The critical hype surrounding the release of the Arctic Monkeys’ debut album was just a little overblown - the word hyperbole doesn’t even come close to doing it justice, perhaps the words ‘megabole’ or ‘ultrabole’ might be more fitting.
NME, before it became Heat magazine for indie kids, rated ‘Whatever People Say I Am, That’s What I’m Not’ as the fifth best British album ever made - on the week that the album was released. This stunk of the ‘controversy creates cash’ ethos that seems to purvey much of the magazine industry today. Though such lists are always subjective, and always seem to contain the same albums time and again, this struck me as quite a cynical move by NME. Yes, the album was relevant, and captured a perfect snapshot of British life at that time, but no time had been allowed for the album to settle in our collective minds. In a list about the legacy of great music, the inclusion of a new release, no matter how good, just seems incredibly disingenuous. I don’t think I read NME after that.
I first heard the Arctic Monkeys on MySpace. I’m not cool enough to have ‘discovered’ them on there like everyone else claimed at the time, I read about them on a local music website and followed a link. I can remember the first tracks I heard by them: ‘Scummy’, ‘Fake tales of San Francisco’ ‘Mardy bum’ and ‘I bet you look good on the dance-floor’ (this was back when MySpace only allowed you to upload four tracks at a time). I had some software on my PC that allowed me to rip the MP3s from MySpace, and transfer them to my MP3 player. ‘Scummy’ (which was renamed for the album release to ‘When the sun goes down’), was probably my favourite of these tracks. Although I loved the urgency of ‘I bet you look good on the dance floor’, there was something about th slow intro to ‘Scummy’ and the way it built into the main riff that was nothing short of genius.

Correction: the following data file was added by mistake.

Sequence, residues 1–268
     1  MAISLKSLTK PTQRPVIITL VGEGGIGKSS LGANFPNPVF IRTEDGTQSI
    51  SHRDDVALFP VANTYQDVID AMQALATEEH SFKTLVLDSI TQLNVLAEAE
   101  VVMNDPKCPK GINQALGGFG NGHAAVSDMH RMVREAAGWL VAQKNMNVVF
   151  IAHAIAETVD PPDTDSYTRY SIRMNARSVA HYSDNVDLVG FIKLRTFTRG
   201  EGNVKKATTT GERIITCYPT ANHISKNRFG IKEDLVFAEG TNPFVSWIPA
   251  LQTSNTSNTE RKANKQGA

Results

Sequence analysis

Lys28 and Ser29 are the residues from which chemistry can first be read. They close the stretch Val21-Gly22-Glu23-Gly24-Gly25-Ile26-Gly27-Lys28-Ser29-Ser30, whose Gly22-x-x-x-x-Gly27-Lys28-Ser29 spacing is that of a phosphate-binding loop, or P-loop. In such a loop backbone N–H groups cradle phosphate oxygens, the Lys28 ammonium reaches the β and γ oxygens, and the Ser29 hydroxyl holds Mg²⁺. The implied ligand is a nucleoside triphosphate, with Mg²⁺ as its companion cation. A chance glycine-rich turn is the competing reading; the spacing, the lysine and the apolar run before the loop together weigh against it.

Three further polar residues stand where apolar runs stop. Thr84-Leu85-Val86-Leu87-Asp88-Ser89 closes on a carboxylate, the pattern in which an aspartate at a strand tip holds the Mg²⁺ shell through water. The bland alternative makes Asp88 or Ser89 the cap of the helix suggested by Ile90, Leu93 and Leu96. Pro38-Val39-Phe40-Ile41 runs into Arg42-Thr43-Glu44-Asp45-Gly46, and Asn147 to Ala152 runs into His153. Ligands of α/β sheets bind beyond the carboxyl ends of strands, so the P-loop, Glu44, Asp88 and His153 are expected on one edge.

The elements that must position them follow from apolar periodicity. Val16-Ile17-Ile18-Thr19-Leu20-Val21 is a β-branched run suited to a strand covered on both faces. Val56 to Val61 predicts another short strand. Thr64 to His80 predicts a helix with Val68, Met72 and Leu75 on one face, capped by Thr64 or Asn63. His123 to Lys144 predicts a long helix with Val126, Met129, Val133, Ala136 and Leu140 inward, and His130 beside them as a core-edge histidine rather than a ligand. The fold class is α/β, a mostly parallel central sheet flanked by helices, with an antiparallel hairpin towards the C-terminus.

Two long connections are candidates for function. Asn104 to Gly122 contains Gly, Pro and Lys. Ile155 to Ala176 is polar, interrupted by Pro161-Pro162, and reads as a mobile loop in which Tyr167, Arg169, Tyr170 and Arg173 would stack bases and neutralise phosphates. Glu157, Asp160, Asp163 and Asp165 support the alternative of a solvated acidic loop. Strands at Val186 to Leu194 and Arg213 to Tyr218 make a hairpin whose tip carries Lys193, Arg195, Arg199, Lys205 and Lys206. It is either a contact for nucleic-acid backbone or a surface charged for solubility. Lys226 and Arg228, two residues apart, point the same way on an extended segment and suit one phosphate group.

I really wanted to hate this album when it came out, due to that fact that every music journalist in the land was jizzing in their pants about it, but I couldn’t. The album was excellent, and whenever I was out in Leeds and ‘I bet you look good on the dance-floor’ came on and everyone got up to dance, you knew that this was something special: the first track grabbed you and shook you out of your chair; the riffs were instantly memorable; the lyrics were packed with social commentary and poetic flair; and, I hate to be so clichéd, the album took you on a journey.
For me, this album seemed to have that special indefinable something that The Stone Roses’ and Oasis’ debuts seemed to capture. I think that the mark of a band who have struck a chord with a nation is the crowd reaction at a festival. There are very few bands I’ve seen live where more or less everyone in the audience not only sings along with all the lyrics to the songs, but also sings the guitar riffs. This is exactly what it was like seeing them at Leeds Festival in 2006.
Through all the hype and bullshit surrounding this album’s release, it is undeniably a classic. If the NME ran an article today about the greatest British albums and put this at number five, I would have no problem with it (mainly because I don’t read or care about NME anymore, but I think you get my point), because the album’s importance is now clear.
So the charity shops have to suffer again, as I have selfishly decided to keep hold of this one.
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